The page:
Teofilo F Ruiz. The Terror of History: On the Uncertainties of Life in Western Civilization. Princeton University Press, 2011

This seems an apposite book for the times we live in, as the spectre of the final crisis of capitalism looms ever larger. Ruiz discusses the various reactions to the 'terror of history', a phrase said by the 'historian of religion' Mircea Eliade to describe not just the grand catastrophes but also the quotidian mortality of everyday life in the West.

Ruiz posits three reactions, one is the religious one, perhaps more specifically the apocalyptic religious vision which seeks to end the processes of history, indeed the organic round of birth, life and death itself and replace it with static 'perfect' world either on earth or some other worldly realm. Other reactions include the plunging into the world of the senses especially sensory excess, often using mind altering substances. The third reaction he classes as "immersing oneself in beauty", which he perhaps interprets perhaps too narrowly as the appreciation of fine art etc., surely the preserve of only the rich, but we might also extend to the scientists "beauty of equations" or the appreciation of deep time and space and the order of the natural universe.

Perhaps there is less difference in practice between the three paths that Ruiz enumerates, religion, sensory overload and 'beauty' all involve the production of altered states of consciousness which transcend the mundane world.

The value of this book is less in its actual historical discussions which at times are rather superficial, but its illumination of many activities in the modern world, from the Arab Spring to British binge drinking and the communitas of riots. We can also see this attempt to escape the terror of history by means of utopian political ideologies, or more banally the belief that the historical processes can stopped in their tracks, such as in Francis Fukuyama's notion that history had ended with the permanent victory of liberal capitalism or Gordon Brown's belief he had halted the historical cycle of boom and bust. I rather suspect that conspiracy theories also represent an attempt to escape this 'terror of history', holding out the vision that somehow the historical process is under somebody's control, even if it is a malign control.

Thomas Robisheaux. The Last Witch of Langenburg: Murder in a German village. W. W. Norton, 2009

Thomas Robisheux's 'microhistory' brings to life the protagonists in one of the last witch trials in Germany. In February 1672, Anna Schmeig, the miller's wife of the tiny hamlet of Hurden is accused of poisoning cakes that her daughter Eva gave to friend who had just given birth. The family portraits that come out of this book look surprisingly modern. The Schmeigs are what today would be called a dysfunctional family. Anna likes the booze rather too much and especially when drunk has a foul temper and is much given to curses and threats. Daughter Eva was intended to make a useful marriage with the son of a neighbouring miller, but has gone and got pregnant by local 'bad boy' Philip Kustner and had to marry him. Mummy does not approve. Eva is more than a little put out by her mothers' swearing and drinking.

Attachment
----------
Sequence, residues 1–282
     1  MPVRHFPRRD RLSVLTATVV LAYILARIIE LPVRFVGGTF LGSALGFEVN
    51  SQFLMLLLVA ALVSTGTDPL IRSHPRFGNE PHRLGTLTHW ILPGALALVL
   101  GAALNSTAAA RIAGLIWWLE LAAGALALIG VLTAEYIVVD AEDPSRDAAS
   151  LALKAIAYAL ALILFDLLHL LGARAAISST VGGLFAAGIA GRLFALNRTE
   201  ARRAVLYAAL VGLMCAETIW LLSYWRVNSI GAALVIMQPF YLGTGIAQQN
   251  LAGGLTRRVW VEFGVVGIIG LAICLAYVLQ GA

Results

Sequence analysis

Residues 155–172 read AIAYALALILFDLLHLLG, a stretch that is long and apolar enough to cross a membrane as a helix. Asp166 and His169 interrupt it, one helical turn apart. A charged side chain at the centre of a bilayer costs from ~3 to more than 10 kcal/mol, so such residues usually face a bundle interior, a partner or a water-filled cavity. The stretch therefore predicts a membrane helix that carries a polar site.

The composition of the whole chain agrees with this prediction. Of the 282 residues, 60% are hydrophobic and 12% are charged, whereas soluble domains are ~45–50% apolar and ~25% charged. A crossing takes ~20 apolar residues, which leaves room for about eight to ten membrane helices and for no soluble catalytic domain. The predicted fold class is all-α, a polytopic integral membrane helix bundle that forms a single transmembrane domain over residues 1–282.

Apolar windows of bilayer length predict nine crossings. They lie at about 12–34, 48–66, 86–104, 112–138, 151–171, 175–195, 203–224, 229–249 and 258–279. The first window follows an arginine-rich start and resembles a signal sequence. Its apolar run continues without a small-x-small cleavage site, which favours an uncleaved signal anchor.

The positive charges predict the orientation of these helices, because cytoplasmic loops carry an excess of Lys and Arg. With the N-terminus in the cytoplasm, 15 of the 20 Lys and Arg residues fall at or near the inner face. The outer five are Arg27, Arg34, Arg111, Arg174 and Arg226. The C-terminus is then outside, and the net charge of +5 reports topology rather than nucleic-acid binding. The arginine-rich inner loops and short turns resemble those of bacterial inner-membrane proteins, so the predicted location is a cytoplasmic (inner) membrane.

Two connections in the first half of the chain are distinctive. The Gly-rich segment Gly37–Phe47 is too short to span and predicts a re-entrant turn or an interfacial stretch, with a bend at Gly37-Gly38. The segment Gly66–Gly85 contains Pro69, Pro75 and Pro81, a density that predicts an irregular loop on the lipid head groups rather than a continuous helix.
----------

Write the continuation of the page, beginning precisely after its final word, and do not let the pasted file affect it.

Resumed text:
These are clearly the sort of people who today would feature on shows like Jerry Springer and Jeremy Kyle. As Anna was also mean, and millers and their wives had, in general, a bad reputation, they may have got the reputation of being neighbours from hell. While today that term is used metaphorically, in the 17th century it could be meant very literally, the sorts of people who get ASBOs today, in those days got accused of witchcraft.

Robisheux shows how gossip circulates, and allegations of foul play develop. As he traces the activities of various court officials to get to grips with the situation, what starts out as an almost modern looking murder investigation turns into something else. That is the accusation of witchcraft, and the descent of the legal process into an Orwellian nightmare. In processes which in many ways prefigure the forced confessions and show trials of latter day totalitarian states, Anna has her words twisted and her motives constantly impugned. As in the Springer/Kyle type shows, mother and daughter end up shouting abuse and accusations at each other, only in this case the outcome for the looser (Anna) is death, by being torn by red hot pincers and then strangled (a mercy from the kind ruler) and burned at the stake. -- Peter Rogerson

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